The most effective terrorists are team players, who play different positions on a radicalized field. Our overcrowded prisons provide an opportunity for a deep bench. Even more importantly, para- radicalization and recruitment occurs in prison. In this exploitative environment, inmates, visitors and even prison employees can be unwitting players who can be cajoled, bribed or coerced into transmitting messages and materials without being aware of their real purpose.

It is not enough to understand terrorism in prison by learning only about inmates. One must also have an understanding of those who visit and volunteer in prisons. Studies have suggested that terrorist recruitment methods are not always expected to yield a high number of recruits. Even if the radical message resonates with only a few inmates, they could then be targeted for more intense one on one instruction. The impact and destructive potential of a prison- directed terrorist cell is enormous.

There is a difference between a radicalized prisoner, who holds radical religious or political beliefs, and a prisoner who has been recruited by a terrorist group and who has chosen to commit violence. An important resource for combating terrorism might be to determine which factor or factors influence some radicalized prisoners to make that specific leap from radical beliefs to violence in the name of those beliefs.

Because radical religious violence can occur within prisons, we have an obligation to inmate populations certainly, but also to those who are charged with maintaining safe prisons.

Just as we seek to protect our soldiers by providing them with the most up-to-date intelligence, we are also obligated to use our enhanced knowledge to safeguard the lives of our correctional officers. A compelling case can be made for a review of our prison system, particularly at the state and local levels.

Chairman Collins, in order to defeat a networked opponent our prisons need to be "networked" through information technology systems that are truly integrated. When serious symptoms present, it's tempting to try to reach for a treatment before we have a diagnosis. History reveals that government works best when it first shines light rather than heat upon concerns that involve religious questions and conflict.

Government must be proactive. We must base our operations on real intelligence, rather than gut reactions. Unless we understand the nature and extent of the problem of religious radicalization in prison, we are likely to first neglect it, and then over-react in a way that unnecessarily antagonizes and polarizes our prison population. In addition to being an assault on civil liberties, an aggressive over-reaction by government in the absence of good intelligence would lose hearts and minds to radicalization and recruitment, playing into the very hands of those who would want to subvert our system.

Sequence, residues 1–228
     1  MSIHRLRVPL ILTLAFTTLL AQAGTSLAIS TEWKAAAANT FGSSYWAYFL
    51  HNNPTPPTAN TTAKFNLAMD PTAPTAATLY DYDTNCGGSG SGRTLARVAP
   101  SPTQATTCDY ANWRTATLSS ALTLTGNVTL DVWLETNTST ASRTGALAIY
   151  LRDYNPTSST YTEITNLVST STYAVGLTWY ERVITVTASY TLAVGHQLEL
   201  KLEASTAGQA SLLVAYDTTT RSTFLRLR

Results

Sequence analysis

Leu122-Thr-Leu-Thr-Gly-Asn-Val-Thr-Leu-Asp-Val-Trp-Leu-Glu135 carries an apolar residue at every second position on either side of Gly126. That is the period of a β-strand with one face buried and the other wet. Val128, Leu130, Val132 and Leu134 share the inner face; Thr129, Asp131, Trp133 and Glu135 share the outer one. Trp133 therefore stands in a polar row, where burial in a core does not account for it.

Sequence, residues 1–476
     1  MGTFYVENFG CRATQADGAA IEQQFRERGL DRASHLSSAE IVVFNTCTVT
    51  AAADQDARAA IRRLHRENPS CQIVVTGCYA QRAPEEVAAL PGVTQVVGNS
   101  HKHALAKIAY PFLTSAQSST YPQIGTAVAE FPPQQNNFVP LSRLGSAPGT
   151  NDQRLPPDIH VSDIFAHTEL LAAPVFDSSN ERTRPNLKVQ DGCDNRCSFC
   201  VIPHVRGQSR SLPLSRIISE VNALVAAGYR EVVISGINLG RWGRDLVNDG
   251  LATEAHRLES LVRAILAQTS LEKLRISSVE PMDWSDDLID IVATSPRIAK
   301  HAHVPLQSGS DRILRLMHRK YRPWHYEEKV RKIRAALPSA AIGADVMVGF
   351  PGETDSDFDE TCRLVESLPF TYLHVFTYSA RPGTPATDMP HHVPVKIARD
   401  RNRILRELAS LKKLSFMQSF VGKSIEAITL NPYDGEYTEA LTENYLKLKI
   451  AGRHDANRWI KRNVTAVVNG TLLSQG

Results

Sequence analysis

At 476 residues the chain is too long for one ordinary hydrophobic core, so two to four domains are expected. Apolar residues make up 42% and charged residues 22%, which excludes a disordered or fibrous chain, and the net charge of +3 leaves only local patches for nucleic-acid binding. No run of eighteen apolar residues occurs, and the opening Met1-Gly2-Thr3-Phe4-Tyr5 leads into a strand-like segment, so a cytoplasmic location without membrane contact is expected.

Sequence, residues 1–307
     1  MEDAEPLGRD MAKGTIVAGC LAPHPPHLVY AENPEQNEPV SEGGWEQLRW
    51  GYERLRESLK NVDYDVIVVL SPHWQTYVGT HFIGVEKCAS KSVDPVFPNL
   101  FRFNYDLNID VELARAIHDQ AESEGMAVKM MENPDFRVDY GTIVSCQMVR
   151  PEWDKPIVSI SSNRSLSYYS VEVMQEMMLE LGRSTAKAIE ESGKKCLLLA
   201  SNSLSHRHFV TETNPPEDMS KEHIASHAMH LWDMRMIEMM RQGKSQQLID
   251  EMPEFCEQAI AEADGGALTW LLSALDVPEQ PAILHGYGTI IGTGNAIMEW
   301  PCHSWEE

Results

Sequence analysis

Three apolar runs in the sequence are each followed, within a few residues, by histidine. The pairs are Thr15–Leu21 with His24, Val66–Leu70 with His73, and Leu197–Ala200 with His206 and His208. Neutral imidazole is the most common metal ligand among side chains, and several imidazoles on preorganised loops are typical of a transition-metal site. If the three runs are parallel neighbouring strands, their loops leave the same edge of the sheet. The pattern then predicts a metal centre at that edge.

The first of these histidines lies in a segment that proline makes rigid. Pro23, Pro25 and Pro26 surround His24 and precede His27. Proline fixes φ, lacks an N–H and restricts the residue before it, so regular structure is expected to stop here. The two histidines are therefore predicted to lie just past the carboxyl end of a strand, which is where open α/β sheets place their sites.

Our briefings revealed that while the New Folsum plot in California was discovered in the community accidentally by virtue of a dropped cell phone, the response of the Joint Terrorism Task Force in Los Angeles was superb. Expecting though that a Joint Terrorism Task Force should be a primary force for dealing with this complex problem is like expecting emergency rooms to provide all medical care. Proactive, integrated intelligence-sharing systems are critical to identify and connect the dots before they become plots.

In my role as a consulting psychiatrist to prisons I also teach the medical students who accompany me. Prison can be a humbling place, where teachers once again find themselves to be students. I will never forget one of the first religious challenges that faced me in prison. A suicidal inmate was to be placed in a stripped cell without any possessions. As he was led from my office, he begged me to allow him to keep just one possession, his Bible. At such a time it appeared obvious to me that this request could easily be granted, and without hesitation I instructed the officer to give him his Bible.

Before doing so though the officer flipped through the pages, reached into the book of Revelations, and pulled out a razor blade. "Doc," he said. "Do you want him to have this too?" The inmate smiled weakly and said "I guess I don't need my Bible after all." Unfortunately, we are living in more complex times. An officer who can easily identify and remove a razor blade from a Bible will most likely not be able to identify the razors of radicalization, such as jihadist material that advocates violent measures against innocent civilians, gangs who are willing to masquerade their violence as religion, and radicalized individuals who are willing to take the last step towards terrorism.

In closing, I would like to recognize the committee and their staff for their professionalism, and the School of Medicine at the University of Virginia and its resources within the Critical Incident Analysis Group. I would also especially like to thank Frank Cilluffo and the Homeland Security Policy Institute at the George Washington University for their dedication to this process, and of course the task force members.

I would like to extend to you an open offer to continue to work closely with them. Thank you and I would be pleased to try to answer any questions you may have.

SEN. COLLINS: Thank you, Doctor, we very much appreciate your testimony and your offer to continue to work with the committee as we pursue this issue.

Copyright 2006 The Federal News Service, Inc.
Federal News Service